Local structural engineer discusses what may have led to deadly Florida building collapse

Local News

SACRAMENTO, Calif. (KTXL) — Thursday’s deadly building collapse in Florida has gotten the attention of many local structural engineers.

“This is actually something we see all the time in an earthquake,” said Dr. Kit Miyamoto, the CEO of Miyamoto International Inc.

“I mean, I’ve seen hundreds of them just like the same way, you know?” he continued.

Dr. Miyamoto’s company assesses building integrity after natural disasters, a mission Miyamoto himself has a lot of firsthand experience with.

“In 2017, I was in Mexico City (for the) earthquake,” he told FOX40. “My mission was, essentially, to assist the Auburn Search and Rescue Team to get into the building safely.”

Dr. Miyamoto said he believes one of three things caused the Florida building to collapse, all of which have to do with the building’s center column.

“This is, actually, very classic failure of the central columns,” Miyamoto explained. “Columns or pillars are supporting the floors and one pillar comes off, it’s a progressive collapse. Everything comes down to it.”

First, he said there could have been corrosion from the salty sea air.

“And if that has corroded by the ocean air, it will definitely rust,” he said.

Miyamoto also said a truck or vehicle could have hit the column at the base of the building. 

But the issue could have been the result of problems with the soil underneath the building.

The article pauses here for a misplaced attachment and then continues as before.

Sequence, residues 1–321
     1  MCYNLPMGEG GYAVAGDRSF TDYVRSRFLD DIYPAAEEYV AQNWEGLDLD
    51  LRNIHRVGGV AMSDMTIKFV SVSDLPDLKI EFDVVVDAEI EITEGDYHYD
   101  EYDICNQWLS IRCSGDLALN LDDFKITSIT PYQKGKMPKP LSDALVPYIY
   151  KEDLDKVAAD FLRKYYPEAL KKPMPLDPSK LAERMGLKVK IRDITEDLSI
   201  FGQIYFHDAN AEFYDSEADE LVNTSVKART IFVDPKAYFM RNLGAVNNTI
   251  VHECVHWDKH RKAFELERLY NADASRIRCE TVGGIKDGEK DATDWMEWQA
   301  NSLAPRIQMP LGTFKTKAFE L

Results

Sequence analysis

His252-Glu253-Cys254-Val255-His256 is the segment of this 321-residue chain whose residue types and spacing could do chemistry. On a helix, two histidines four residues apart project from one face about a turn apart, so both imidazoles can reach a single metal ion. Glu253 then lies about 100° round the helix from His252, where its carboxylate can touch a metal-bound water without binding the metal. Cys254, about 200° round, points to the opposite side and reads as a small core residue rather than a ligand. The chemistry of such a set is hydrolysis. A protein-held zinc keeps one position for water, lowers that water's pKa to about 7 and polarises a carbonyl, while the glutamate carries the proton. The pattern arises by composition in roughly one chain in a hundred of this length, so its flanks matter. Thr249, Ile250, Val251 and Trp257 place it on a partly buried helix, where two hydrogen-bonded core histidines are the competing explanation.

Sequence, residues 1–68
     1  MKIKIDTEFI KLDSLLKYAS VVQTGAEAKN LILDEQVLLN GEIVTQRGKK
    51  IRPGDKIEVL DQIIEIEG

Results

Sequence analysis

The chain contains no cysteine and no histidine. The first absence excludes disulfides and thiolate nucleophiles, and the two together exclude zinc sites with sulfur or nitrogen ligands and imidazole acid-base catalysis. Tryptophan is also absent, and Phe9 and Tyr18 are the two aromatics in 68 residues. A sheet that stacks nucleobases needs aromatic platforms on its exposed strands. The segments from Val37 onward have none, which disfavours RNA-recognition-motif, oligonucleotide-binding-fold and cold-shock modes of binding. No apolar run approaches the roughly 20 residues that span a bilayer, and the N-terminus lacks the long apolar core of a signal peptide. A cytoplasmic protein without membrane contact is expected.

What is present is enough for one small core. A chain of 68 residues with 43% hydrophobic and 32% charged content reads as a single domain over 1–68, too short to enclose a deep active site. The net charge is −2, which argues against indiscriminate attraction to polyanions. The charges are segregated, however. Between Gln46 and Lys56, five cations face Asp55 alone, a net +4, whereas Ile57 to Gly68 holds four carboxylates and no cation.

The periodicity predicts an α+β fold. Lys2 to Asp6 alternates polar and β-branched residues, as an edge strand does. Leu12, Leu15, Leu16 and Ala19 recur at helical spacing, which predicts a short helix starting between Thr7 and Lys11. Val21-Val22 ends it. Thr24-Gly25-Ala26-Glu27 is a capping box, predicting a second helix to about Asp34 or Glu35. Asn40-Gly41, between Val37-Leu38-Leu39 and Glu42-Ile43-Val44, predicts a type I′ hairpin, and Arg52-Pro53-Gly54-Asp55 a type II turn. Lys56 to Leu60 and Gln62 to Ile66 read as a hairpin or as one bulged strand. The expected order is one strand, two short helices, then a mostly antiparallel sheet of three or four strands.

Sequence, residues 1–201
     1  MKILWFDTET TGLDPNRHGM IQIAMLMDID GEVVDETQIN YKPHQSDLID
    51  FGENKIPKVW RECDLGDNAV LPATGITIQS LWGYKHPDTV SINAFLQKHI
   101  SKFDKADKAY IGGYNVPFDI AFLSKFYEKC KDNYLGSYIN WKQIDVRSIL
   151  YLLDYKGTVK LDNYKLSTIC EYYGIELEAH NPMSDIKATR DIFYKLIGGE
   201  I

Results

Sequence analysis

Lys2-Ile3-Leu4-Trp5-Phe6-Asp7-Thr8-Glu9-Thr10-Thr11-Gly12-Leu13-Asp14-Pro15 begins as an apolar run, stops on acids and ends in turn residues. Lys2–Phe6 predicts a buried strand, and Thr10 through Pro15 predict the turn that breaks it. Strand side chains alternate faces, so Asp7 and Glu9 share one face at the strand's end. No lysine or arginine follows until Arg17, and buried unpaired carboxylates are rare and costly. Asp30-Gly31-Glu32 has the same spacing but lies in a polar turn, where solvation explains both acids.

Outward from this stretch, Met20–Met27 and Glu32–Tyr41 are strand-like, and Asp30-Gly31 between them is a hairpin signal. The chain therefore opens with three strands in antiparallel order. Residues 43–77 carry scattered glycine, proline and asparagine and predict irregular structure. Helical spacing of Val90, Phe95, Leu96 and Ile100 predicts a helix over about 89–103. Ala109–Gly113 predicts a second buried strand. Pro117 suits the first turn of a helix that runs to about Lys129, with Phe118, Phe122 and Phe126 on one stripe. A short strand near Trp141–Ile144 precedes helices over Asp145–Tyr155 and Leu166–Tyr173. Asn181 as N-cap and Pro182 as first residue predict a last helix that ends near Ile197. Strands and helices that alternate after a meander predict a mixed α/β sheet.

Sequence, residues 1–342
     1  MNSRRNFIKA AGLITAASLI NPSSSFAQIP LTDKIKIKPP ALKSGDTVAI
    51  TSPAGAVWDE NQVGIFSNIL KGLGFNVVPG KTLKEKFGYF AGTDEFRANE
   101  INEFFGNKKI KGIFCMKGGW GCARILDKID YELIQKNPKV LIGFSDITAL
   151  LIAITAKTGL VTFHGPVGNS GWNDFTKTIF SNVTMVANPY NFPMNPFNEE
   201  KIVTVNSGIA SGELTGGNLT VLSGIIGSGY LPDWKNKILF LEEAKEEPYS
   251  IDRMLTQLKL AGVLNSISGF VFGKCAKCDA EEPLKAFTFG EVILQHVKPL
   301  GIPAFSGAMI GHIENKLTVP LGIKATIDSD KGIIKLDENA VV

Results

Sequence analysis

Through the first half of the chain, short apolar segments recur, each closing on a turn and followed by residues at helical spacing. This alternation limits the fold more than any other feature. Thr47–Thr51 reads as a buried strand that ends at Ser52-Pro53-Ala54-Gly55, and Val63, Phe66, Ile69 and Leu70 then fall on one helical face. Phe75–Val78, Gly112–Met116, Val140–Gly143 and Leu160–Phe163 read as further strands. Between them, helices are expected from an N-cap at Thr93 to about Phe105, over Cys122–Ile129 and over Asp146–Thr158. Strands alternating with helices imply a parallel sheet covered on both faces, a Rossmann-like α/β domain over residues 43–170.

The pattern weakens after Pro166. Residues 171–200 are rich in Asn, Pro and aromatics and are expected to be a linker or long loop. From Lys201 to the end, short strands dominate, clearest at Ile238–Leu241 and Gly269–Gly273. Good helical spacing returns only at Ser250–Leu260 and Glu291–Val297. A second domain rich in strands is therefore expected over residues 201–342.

“If the soil settles, also the building settles with it, that could cause the failure, too,” he told FOX40.

Other structural engineers, like Ryan Kersting with the Structural Engineers Association of California, said it’s just too early to pinpoint a cause.

“We know that, in time, there will be the right amount of assessment and inspection and investigation into how this happened,” Kersting said. “But until then, it’s really just too hard to tell.”

Both Kersting and Miyamoto said earthquake requirements in California make a collapse like the one in Florida very unlikely.

“The reason is the seismic code has created more redundancy in the system,” Dr. Miyamoto said.

“If the one column comes (down), they usually can stable for a while, so you don’t see that kind of a progressive collapse like that,” he continued.

Although a collapse like the one in Florida would be rare in California, both structural engineers said it’s still important to pay attention to anything that doesn’t look right, such as cracks in the concrete.

Dr. Miyamoto also said all hope is not lost in finding survivors in Florida. He said at many of the earthquake sites he’s been to, people are still located alive in the rubble days afterward.

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